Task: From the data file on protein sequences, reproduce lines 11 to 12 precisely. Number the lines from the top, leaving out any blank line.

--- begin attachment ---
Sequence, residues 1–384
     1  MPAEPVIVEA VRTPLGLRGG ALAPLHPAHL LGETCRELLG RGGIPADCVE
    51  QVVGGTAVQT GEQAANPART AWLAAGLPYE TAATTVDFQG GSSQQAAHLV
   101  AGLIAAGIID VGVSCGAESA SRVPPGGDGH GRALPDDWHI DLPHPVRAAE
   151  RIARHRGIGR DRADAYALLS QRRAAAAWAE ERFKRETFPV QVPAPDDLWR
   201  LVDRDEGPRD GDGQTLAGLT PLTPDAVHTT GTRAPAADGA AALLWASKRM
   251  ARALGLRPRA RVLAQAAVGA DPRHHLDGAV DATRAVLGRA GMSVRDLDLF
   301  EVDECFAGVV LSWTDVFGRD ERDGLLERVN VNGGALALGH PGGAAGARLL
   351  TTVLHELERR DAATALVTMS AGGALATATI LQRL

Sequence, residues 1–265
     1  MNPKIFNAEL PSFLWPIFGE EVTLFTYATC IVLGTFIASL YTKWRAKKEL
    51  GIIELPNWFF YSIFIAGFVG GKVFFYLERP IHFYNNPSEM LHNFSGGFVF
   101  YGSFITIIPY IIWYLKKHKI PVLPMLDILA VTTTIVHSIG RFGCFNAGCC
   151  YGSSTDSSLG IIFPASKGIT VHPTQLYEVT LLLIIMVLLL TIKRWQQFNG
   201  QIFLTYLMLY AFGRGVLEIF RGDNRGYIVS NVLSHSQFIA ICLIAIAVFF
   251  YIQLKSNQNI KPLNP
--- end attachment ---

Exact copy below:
     1  MNPKIFNAEL PSFLWPIFGE EVTLFTYATC IVLGTFIASL YTKWRAKKEL
    51  GIIELPNWFF YSIFIAGFVG GKVFFYLERP IHFYNNPSEM LHNFSGGFVF